Wentworth's stride was crisp with anger as he returned to the music room, clad now in the dark tweeds he preferred, and it put an edge on his voice when he spoke to Kirkpatrick. You won't mind if I phone her to be careful? He plugged it into a jack in the wall, and went through the routine of dialing a number. He had only one chance of evading Kirkpatrick, and that would draw Nita into danger as well as himself.

There was no other way. That very action would start the transmitter on the roof into operation. He could only hope that Nita would be listening.. Yes, I'm at home, too.

The Spider: Robot Titans of Gotham

I wish you were here! If Nita heard, she would know what he meant, and she would get here as quickly as possible. Kirkpatrick has invited me most urgently. You wanted to warn her! Kirkpatrick must indeed be on edge. He made no response, continued to speak into the blankness of the air. If only he could be sure Nita was listening! Keep your gun always handy.

Yes, I've been attacked once tonight by this new criminal gang, and that means danger. Yes, of course, I'll be careful. I'm always ready for any unexpected events that may develop. As you say it is the unexpected thing that is demoralizing. You know the Hindustani proverb? Wentworth turned deliberately to face him, and it was in English that he spoke into the transmitter. He already had conveyed most of his message to Nita. She must come to him at once. I forgot my password Password Reset. Sign up for a new account.

Please select region, state or province. Robot Titans of Gotham Norvell W. Go to Cart Keep Shopping. Read Online Email Kindle Ebook to me. Select the format you would like to download: But in his other guise, Fairchild becomes the Skull Killer, a crime fighter who, after killing the villainous elements in NYC, uses an acid-filled ring to brand his skull mark into their foreheads!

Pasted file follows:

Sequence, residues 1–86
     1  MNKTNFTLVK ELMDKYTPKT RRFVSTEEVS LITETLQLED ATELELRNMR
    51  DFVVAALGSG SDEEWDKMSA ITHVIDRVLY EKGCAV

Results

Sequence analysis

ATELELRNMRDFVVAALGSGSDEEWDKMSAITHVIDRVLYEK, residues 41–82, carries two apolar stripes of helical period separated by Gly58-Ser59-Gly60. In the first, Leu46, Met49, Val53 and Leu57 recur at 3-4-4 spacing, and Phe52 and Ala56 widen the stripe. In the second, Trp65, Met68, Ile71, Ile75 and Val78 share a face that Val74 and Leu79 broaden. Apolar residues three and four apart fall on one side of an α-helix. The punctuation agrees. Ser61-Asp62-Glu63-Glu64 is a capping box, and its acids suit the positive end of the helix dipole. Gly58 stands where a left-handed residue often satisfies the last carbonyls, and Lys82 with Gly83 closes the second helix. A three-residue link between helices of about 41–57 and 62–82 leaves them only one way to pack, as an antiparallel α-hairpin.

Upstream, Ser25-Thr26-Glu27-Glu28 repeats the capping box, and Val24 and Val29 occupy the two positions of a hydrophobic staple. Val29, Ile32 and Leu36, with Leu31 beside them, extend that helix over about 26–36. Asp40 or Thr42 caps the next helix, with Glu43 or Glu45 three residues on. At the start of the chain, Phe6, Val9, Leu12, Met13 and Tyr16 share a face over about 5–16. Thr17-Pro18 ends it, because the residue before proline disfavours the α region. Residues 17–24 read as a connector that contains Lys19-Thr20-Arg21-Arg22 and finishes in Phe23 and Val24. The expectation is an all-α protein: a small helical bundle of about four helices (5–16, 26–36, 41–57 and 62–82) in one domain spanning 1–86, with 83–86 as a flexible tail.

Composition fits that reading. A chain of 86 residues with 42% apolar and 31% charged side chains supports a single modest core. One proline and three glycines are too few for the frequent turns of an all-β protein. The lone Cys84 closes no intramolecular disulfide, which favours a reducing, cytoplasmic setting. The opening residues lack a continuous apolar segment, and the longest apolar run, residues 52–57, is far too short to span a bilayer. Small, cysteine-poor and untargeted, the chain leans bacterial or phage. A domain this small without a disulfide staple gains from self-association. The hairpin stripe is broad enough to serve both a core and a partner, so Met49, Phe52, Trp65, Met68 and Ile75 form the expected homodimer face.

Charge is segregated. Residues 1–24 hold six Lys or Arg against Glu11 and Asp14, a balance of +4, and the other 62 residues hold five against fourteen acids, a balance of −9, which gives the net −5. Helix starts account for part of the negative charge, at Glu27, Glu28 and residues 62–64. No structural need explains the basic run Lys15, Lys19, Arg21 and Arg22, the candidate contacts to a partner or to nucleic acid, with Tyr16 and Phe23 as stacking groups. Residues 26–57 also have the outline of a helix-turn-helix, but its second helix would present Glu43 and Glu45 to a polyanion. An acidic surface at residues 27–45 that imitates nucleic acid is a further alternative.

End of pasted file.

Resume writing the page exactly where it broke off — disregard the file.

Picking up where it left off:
Although this collection would have us believe that the name of this tale is merely "The Octopus," back in , the name of the novel was actually given as "The City Condemned to Hell" In this one, a demonic, tentacled entity known as the Octopus uses his newly invented ultraviolet light gizmo to make obscenely mutated monsters out of hundreds of the populace!

And why this short-lived magazine was named after the villain of the piece, when "Dr. Skull" or "The Skull Killer" would have made just as cool sounding a magazine title, is beyond me! Highlights of this tale, which is surely some kind of bona fide classic of the "weird menace" genre, include Jeffrey being locked in a room by the Octopus and subjected to those mutating rays, and the absolutely bonkers final sequence, in which the Skull Killer, along with Dr.

Skull's young, pretty nurse, are trapped in a ward with hundreds of the slavering mutants, who have by this time become blood feasters! And during that final sequence, we see the Octopus sitting next to a nearly nude girl who is suspended by her wrists from the ceiling, while one of the deformed monstrosities sucks on her blood via a metal pipe that he has inserted into her side! Trust me, this is some seriously wackadoodle stuff here; garish, lurid pulp shocks to the extreme! Unfortunately, again, Page does not deign to tell us how the Octopus became the monstrosity that he is, although it is hinted that more might be explained in future issues Anyway, there you have it I was sufficiently entertained by "Robot Titans of Gotham"'s trio of tales to want to search out that other collection from Baen, called "City of Doom.

Sep 03, Craig rated it really liked it. Nonetheless, it was a terrific series, and heavily influenced later comics superheroes. I couldn't figure out why they included it, nor the almost completely incomprehensible foreword. The stories are a bit creaky and campy by current standard, but the Spider and his team were among the best of the pulp heroes, especially Nita, who ranks right up there with Nellie Grey and Pat Savage. Most exclamation points ever! Dec 05, Ed rated it did not like it. I'm a fan of hero pulps, and I'd always heard of the Spider, but I'd never read any of his stories.

So, I was very happy to find this collection of two of his tales. Both stories were big on action, but thin on plot. Now, this is from a guy who's a big fan of Doc Savage tales, which are just about as formula as you can get. But Doc Savage villains have at least a decent motivation and plan. The villains in these stories, the Iron Man and the Bat Man yep, really! I'd try another Spider story, just to see if these two are representative of most of his adventures. Oct 11, Shane rated it it was amazing Shelves: Top notch pulp insanity!